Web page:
The images below are just some of this that we viewed during their presentation.
The most telling image is in the right most top row. - Showing the scorched ground surrounding the built up area of the house and sheds where surface fuel had been removed as part of their fire safety measures.
Most garden beds had been damped down with a water hose, and only one being omitted because of the rush to evacuate. The bed in question had a hay/straw mulch which unfortunately had been ignited by falling embers as the fire front passed over.
The top central two images show the bed burning, and the damage to the (inside edges) of the surrounding hedge.
Most of the rest of the images are self explanatory - with many garden features using material salvaged from the burnt areas of scrub. The unseen story here is the huge amount of assistance that they had from the local EFS and neighbours (assistance with machinery), even though many of their neighbours were completely burnt out.

Merri and Manfred

The last image (the koala) is now a friend for life. He/she was found wandering near the house after the fire, and was offered water (maybe food too). He accepted immediately, and still visits the Eckerts on a daily basis for a drink and a scratch behind the ears.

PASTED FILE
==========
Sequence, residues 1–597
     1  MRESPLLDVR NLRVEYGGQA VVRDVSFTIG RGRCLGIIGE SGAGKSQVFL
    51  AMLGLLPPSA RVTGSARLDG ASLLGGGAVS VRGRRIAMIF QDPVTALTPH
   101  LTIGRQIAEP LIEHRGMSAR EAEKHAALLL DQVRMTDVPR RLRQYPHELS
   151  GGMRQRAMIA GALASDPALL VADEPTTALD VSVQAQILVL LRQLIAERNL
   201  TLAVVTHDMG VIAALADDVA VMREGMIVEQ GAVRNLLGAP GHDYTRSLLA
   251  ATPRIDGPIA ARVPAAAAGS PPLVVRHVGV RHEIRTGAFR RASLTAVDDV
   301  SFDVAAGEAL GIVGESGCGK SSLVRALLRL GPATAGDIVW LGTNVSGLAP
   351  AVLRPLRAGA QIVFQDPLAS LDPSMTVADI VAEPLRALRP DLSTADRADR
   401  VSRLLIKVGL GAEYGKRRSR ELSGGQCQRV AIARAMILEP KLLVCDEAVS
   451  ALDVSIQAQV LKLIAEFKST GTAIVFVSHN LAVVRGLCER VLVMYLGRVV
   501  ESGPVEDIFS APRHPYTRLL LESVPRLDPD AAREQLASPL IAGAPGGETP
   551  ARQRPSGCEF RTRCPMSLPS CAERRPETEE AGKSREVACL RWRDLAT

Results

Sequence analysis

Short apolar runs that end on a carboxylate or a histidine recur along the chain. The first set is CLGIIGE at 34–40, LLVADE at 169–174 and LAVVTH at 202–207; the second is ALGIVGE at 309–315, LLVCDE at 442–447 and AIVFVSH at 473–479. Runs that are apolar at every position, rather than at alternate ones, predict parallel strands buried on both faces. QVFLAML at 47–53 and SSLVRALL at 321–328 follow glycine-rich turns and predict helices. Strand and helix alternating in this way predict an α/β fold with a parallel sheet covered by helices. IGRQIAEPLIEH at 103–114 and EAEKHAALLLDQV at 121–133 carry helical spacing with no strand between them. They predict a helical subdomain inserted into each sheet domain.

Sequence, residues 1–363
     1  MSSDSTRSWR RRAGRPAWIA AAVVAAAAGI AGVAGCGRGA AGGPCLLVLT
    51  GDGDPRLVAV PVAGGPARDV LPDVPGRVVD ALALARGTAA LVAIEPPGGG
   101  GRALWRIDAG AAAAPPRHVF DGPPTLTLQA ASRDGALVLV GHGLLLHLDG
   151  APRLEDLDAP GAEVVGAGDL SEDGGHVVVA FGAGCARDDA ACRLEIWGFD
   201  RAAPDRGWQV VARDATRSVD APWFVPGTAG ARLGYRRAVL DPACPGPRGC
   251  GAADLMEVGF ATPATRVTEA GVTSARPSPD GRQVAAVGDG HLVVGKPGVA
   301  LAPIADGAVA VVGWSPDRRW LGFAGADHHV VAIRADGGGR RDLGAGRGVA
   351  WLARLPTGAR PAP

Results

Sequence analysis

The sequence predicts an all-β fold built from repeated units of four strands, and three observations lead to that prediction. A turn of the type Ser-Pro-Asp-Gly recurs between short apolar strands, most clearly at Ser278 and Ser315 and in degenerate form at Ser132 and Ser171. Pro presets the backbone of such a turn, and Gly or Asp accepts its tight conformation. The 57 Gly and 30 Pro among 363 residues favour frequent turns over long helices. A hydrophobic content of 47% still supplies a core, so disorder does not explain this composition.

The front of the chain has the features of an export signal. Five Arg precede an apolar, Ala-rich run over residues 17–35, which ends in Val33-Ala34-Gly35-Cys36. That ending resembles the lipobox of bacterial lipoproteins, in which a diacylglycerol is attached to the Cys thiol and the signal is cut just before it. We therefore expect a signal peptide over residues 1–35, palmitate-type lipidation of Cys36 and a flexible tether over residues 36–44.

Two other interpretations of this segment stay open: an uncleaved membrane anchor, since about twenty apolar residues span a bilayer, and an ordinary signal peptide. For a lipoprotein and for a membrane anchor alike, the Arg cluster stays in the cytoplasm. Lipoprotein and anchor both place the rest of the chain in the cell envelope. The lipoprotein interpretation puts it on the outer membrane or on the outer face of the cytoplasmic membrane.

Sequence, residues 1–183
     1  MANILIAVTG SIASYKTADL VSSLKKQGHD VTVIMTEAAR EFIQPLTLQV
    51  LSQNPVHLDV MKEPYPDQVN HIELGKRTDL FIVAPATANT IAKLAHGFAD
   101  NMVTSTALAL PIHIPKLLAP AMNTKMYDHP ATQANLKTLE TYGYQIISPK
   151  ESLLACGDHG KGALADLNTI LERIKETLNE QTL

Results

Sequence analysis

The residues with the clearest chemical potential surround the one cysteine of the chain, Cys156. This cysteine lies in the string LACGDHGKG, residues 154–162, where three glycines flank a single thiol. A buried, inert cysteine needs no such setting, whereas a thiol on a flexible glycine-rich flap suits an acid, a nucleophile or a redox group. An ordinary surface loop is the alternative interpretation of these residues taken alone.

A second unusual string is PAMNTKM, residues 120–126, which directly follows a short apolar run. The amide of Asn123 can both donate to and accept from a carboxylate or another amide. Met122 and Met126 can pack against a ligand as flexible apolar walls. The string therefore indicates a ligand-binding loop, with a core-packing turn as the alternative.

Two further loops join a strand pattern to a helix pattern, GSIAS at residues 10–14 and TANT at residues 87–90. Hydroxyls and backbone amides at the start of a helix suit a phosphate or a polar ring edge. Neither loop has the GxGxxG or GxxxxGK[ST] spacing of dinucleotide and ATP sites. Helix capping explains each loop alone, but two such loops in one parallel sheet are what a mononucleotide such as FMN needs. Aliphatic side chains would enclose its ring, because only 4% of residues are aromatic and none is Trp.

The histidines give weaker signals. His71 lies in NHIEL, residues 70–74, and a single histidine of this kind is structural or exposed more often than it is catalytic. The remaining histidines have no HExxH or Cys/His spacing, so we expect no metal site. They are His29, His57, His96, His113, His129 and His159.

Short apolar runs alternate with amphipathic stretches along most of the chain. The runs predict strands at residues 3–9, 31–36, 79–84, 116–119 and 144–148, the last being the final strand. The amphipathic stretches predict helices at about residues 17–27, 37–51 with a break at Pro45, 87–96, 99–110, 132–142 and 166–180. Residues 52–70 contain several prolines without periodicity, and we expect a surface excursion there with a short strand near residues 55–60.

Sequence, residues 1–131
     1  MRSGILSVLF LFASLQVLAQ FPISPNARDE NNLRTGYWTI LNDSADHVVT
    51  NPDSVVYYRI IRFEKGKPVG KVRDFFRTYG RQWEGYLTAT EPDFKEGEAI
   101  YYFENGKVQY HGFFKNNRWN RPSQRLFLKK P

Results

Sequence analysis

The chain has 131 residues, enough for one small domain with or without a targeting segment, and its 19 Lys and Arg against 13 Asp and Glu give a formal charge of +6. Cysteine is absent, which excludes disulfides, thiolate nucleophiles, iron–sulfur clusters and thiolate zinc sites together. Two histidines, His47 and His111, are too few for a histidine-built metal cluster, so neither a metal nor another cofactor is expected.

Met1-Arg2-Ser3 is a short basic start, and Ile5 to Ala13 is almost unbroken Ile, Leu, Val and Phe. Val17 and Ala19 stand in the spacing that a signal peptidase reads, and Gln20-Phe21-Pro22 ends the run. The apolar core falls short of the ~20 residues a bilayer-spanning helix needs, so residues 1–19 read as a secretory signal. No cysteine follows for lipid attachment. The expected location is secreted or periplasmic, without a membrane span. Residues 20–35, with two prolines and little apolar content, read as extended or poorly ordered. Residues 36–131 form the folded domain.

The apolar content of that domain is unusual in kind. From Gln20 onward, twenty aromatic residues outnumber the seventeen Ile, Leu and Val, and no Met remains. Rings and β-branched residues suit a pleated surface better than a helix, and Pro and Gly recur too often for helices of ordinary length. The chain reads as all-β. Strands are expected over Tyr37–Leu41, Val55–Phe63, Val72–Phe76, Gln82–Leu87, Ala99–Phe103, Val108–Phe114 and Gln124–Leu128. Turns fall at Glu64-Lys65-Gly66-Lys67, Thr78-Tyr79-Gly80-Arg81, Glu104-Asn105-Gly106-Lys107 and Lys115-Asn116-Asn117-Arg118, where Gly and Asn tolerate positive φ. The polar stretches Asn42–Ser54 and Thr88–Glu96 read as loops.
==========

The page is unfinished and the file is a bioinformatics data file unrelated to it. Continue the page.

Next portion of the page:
Member's presentation by Alan O'Leary

Alan is a passionate collector of South African bulbs. The Brunsvigia litoralis behind which he is standing (and relaxing - he had just lifted the potted plant up onto the bench so that everybody could see it, and came close to blowing a "pressure valve") is apparently becoming harder and harder to find in the "wild", as never-ending urban sprawl is eating up it's native habitat. Alan was asked what medium he grows such plants, and he said that he never purchases ready-made potting soil - he mixes his own. Normally he uses very gravelly, freed draining mix to mimic the SA coastal plains.